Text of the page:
There is a politic buried in infrastructure. Roads, lights, sewers, sidewalks, water, bridges – all come to the public through a series of collective decisions. It is the collective decision that starves them to death as well, until they turn to dust, blown away to time. In 1890, the city of Lansing, Michigan had six roadway bridges that crossed the Grand River, each providing connections from one side of a growing urban space to another. Each bridge, essential for the transportation of materials to the booming factory life of the capital city. The River Street bridge connected the industrial side of the city with neighborhoods housing workers. Only the River Street Bridge and the Washington Street bridge connected these growing living spaces with the industries that employed them in the south part of the city. For nearly 100 years, the River Street bridge connected labor to industry – surviving numerous turnovers in governing ideologies – until 1987, when it was finally demolished. How did this bridge turn to bones, jutting out from the riverbank? There is a politic to bridges. This is the story of municipal failure – predicated on movements, racism, and simulations of democratic process: demolition by neglect.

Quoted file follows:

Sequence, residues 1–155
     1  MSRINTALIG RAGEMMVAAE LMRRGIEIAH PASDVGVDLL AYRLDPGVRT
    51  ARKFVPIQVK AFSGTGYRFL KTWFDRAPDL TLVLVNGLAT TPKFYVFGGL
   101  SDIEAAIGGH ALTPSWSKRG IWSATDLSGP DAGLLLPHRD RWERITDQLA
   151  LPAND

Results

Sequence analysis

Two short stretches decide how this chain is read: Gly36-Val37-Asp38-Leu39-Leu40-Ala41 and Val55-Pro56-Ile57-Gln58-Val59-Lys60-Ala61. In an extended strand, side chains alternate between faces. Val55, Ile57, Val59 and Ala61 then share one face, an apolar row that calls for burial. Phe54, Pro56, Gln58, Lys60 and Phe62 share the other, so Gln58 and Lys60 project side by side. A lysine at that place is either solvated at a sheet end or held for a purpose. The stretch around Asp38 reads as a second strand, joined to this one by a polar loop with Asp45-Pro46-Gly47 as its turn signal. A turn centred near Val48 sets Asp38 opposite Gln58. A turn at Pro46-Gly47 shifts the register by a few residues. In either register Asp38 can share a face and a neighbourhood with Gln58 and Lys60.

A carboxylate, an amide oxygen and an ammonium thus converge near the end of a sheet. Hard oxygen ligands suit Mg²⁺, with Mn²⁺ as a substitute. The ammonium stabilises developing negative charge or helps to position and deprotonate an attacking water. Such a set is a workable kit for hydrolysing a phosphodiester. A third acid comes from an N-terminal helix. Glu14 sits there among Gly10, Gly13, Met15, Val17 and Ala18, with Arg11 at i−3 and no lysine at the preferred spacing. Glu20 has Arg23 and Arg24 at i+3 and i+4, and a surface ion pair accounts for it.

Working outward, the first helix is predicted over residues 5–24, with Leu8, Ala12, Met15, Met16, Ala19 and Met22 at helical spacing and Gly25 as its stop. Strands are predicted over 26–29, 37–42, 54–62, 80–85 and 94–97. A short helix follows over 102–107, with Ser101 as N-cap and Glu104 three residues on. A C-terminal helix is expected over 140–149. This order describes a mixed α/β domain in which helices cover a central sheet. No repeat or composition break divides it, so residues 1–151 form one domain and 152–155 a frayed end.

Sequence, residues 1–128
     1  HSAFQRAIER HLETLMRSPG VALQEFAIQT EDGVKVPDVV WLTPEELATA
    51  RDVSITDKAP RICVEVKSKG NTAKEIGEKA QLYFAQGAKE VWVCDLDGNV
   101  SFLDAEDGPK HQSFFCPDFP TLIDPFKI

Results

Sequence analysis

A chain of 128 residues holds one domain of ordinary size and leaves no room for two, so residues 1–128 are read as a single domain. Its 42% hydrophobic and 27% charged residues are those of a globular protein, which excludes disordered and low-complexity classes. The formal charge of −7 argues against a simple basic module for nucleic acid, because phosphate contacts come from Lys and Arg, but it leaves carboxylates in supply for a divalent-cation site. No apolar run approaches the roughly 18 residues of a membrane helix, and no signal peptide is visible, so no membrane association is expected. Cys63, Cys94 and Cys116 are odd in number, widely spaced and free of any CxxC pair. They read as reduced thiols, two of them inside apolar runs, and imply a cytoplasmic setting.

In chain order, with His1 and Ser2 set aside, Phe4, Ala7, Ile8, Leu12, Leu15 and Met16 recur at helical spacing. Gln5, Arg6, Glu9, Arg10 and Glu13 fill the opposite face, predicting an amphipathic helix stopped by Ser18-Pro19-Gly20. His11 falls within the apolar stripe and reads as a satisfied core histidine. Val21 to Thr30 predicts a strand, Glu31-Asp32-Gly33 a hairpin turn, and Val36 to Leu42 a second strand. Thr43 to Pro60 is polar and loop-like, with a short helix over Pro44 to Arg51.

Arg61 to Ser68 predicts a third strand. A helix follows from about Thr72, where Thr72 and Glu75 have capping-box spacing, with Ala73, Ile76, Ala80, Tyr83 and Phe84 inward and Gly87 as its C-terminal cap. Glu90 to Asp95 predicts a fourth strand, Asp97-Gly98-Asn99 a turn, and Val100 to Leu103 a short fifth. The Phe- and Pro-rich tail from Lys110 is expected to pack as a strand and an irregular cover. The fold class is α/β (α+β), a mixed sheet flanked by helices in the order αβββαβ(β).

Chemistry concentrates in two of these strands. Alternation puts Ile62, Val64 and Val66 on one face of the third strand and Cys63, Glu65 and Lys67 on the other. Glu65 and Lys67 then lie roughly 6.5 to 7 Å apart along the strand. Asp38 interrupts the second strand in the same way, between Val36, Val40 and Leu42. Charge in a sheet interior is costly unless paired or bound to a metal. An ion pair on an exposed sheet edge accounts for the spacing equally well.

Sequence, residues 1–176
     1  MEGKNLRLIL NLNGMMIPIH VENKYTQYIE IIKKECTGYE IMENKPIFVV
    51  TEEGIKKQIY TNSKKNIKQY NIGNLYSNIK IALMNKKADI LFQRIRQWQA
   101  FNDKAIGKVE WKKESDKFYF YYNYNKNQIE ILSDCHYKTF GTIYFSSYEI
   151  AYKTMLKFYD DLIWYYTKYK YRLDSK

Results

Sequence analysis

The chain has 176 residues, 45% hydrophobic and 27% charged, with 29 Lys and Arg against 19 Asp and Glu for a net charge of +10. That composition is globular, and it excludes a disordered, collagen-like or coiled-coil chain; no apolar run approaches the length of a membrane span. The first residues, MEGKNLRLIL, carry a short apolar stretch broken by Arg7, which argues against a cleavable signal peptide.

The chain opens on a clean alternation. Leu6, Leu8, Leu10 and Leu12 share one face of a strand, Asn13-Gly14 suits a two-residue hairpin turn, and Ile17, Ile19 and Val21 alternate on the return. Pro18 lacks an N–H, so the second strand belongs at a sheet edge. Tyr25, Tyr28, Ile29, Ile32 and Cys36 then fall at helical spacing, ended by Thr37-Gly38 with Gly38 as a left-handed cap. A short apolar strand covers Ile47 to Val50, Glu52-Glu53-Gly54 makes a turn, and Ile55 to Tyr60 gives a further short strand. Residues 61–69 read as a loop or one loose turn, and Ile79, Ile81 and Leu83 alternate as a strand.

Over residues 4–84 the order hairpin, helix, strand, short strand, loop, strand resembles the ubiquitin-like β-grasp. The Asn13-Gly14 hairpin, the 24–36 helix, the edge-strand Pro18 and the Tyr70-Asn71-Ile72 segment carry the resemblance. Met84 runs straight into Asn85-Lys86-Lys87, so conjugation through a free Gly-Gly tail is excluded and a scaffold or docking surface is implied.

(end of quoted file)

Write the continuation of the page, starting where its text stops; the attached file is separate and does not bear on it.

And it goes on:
|State||Published - Oct 2017|
|Event||Michigan Sociological Association - Grand Rapids, Michigan|
Duration: Oct 1 2017 → Oct 31 2017
|Conference||Michigan Sociological Association|
|Period||10/1/17 → 10/31/17|